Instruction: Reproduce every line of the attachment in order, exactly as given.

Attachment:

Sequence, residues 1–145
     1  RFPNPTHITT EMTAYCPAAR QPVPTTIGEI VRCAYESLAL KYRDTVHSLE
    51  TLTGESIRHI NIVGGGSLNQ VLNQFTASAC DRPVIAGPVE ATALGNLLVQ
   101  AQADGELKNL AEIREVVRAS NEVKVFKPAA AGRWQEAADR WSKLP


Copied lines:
Sequence, residues 1–145
     1  RFPNPTHITT EMTAYCPAAR QPVPTTIGEI VRCAYESLAL KYRDTVHSLE
    51  TLTGESIRHI NIVGGGSLNQ VLNQFTASAC DRPVIAGPVE ATALGNLLVQ
   101  AQADGELKNL AEIREVVRAS NEVKVFKPAA AGRWQEAADR WSKLP